Luxury tea. No, we aren’t talking about most of the loose teas you buy…and we definitely aren’t talking about tea bags.  Don’t be fooled by the little pyramid bags either that claim to be the best tea around.  For those, you are paying far more for the packaging than you are for the tea.

Luxury, high-quality tea is a market that is more accessible than luxury wine, clothes, TVs, cars and homes. You can get really great tea for far less than it costs to get a really great watch. Even at the high-end level, tea is still expensive. However, it can be sold in small amounts, making it accessible if you can find it. An ounce of really good tea can often be purchased for a reasonable sum.

How often do you branch out and buy tea that is reputed to be of very high-quality?

There are a lot teas and terms out there that get hyped as fine tea, often with names you might barely understand. Oolongs, ti kwan yins, prized Yunnans, roasted dong dings from Taiwan, white tea from Darjeeling, senchas and genmaichas from Japan (the latter started as a poor man’s tea). Of each type, there can be found great ones and ordinary ones.

What makes these teas special? Tea farmers grow plenty of everyday tea, but the time, effort, knowledge and patience that goes into a great tea ensures that every aspect of the tea is worth some attention. From the way the rough dry leaves look and feel in your hand, to the richness of the liquor as you savor it, to the wet leaves slowly drying on your table. Every stage of the tea has been thought about by the producer to give you an experience that can rarely be matched. The taste and flavor of a tea is only the final act in a play that resulted from the hard work, attention to detail and knowledge of all the actors involved. The pickers, the farmer and the workers who roll and dry the tea. However, the most important of the actor in that play, the Prima Don or Donna, who puts the finishing touch on a production which often begins on a rural farm and then ends right over there, in the kitchen, is you.

With all the things that can right with a great tea, there is still plenty that can go wrong once you get your hand on it. Good tea, really good tea, requires work. From you.

How many times have you ruined a perfectly good cup of ordinary tea? How would you feel if you spent $20 or $30 dollars (or more) for half an ounce of really good tea and then ruined it in your kitchen?  For rare, high-end teas, your normal habits are going to have to be put away. When you get a new tea in the house, especially one you might not be familiar with, it’s easy to screw it up.  Too much or too little water, too much time, not rinsing it if it needs rinsing. While many higher-quality teas, especially blacks and oolongs, are often rather forgiving and will still give you a good cup when you err, they are certainly deserving the attention required to brew them properly.

The ritualistic methods of teamaking that originate in the Orient are based around the need to ensure the precision of every step in the tea making process.  You may not need the flourishes, gestures and body positioning that are often used in tea ceremony demonstrations, but paying attention to detail – the water, the time – will go a long way toward getting you the most and best experience out of your tea.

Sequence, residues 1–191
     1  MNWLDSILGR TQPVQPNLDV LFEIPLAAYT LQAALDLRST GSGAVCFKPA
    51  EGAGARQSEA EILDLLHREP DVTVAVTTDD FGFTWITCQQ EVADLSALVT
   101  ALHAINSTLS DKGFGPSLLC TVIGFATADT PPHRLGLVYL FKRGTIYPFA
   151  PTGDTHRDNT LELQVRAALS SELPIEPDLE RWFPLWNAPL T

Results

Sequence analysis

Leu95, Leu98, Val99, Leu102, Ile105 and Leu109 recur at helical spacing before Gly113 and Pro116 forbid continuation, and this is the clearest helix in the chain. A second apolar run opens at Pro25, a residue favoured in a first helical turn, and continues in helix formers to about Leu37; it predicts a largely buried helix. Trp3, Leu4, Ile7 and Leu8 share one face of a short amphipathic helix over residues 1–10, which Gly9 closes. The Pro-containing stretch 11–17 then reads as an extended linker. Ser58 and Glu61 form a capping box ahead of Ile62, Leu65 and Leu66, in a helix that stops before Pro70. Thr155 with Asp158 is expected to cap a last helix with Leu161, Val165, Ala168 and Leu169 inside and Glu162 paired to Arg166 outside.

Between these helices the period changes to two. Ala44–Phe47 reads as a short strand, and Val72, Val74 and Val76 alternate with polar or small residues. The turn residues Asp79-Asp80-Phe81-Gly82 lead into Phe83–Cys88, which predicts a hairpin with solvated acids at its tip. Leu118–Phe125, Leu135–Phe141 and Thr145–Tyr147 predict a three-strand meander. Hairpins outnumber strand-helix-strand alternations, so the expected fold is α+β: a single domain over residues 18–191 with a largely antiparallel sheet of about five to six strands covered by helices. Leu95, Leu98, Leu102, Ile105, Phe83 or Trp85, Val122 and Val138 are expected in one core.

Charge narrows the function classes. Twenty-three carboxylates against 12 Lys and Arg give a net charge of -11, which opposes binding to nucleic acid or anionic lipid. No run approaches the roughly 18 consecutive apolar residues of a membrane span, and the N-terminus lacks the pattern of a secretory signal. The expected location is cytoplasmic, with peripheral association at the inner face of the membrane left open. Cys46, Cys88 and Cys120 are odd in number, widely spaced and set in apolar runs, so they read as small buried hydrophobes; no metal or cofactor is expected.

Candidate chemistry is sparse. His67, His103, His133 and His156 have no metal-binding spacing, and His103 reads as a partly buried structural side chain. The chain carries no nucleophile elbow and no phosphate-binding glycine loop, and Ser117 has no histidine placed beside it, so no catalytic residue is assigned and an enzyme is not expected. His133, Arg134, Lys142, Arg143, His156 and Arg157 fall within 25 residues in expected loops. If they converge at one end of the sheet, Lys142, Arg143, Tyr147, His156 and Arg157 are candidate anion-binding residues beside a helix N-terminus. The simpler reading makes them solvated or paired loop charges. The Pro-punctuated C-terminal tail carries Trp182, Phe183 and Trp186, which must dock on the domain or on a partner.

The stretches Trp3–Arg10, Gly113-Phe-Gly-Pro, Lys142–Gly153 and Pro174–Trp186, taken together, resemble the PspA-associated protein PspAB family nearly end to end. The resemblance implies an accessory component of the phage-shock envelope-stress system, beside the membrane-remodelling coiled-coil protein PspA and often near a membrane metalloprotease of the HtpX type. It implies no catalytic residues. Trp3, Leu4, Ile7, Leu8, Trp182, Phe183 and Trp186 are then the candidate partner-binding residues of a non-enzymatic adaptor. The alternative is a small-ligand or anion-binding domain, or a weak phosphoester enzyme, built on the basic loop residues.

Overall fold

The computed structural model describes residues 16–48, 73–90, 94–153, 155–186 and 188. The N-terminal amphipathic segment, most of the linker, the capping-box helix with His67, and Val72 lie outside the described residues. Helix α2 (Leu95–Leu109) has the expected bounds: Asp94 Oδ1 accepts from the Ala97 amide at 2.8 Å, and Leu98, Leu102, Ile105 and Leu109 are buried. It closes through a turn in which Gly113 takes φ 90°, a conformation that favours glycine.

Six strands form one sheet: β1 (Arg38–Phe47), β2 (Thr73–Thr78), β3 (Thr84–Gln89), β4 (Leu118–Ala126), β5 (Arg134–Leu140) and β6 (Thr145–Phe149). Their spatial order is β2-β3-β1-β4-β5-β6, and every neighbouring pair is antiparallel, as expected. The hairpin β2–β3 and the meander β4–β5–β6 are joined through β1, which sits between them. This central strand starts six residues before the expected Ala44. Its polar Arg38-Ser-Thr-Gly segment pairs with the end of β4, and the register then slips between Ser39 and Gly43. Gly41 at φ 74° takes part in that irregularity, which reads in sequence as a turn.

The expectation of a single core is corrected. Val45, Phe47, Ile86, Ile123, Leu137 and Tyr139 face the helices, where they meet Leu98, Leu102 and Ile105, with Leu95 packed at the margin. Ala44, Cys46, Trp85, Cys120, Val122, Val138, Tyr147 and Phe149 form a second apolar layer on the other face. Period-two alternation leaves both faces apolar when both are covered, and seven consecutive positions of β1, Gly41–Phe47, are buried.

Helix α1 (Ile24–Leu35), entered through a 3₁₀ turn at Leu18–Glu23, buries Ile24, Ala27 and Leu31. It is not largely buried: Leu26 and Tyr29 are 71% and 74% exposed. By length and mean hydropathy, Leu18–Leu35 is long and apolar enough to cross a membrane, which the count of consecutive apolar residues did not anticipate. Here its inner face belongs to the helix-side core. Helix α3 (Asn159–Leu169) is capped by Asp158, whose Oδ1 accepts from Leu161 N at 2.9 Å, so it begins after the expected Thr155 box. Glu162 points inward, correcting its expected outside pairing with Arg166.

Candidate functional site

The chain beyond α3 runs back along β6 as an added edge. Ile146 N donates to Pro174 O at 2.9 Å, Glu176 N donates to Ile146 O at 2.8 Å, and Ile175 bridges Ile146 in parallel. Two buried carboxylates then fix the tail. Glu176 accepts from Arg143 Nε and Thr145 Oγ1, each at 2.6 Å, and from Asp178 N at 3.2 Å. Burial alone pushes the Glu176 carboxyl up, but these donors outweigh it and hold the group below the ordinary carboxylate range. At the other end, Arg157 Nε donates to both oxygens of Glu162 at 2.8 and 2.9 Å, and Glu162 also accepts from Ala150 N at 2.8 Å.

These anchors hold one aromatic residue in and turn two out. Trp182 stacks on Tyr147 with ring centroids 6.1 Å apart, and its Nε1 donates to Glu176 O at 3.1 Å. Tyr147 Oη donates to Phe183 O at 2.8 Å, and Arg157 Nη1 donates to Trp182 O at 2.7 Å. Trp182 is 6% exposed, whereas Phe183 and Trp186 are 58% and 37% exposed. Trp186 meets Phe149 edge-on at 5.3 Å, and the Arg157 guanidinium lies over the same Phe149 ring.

Among the world of high-end, luxury items,  tea is something of an anomaly. Fashion designers go to great lengths to ensure quality of material, fit and look. Engineers at Jaguar, Mercedes-Benz and Ferrari struggle over the littlest details. The minds at Sony and Apple all work to give you an experience that is beautiful and captivating all at once. Winemakers around the world fight with mother nature and consider even the cork used in the bottle. Architects detail minute corners and jewelers precisely position each setting. And every time, these products are delivered to you ready to use, to turn on, to live in, to wear, to drive, or to drink – all of them, perfectly presented for consumption based on the vision the designers had for them.

Tea farmers and producers spend just as much time and detailed effort in growing and processing rare and great teas.  Teas that have depth and character that can often be difficult to describe. They do it in an industry that takes the prize of their labor and turns it over to novices and newbies to be processed in a final crucial step before consumption – the brewing. So much can go wrong, so many variables need attention. When a packet of really good tea is opened, appreciation is appropriate for the labor, knowledge and effort of the people who grew it. Taking time, consideration and effort will help ensure a big finish.  The final steps in the production of the tea in your pot ends with you, and you will make all the difference for a tea that will be merely drinkable or absolutely astounding.

peter

Peter Davenport is one of the founders of Tea Trade. In addition to building, enhancing and supporting Tea Trade and its members, he studies Business Administration and Management at American Public University with a focus on Entrepreneurial Studies and Enterprises.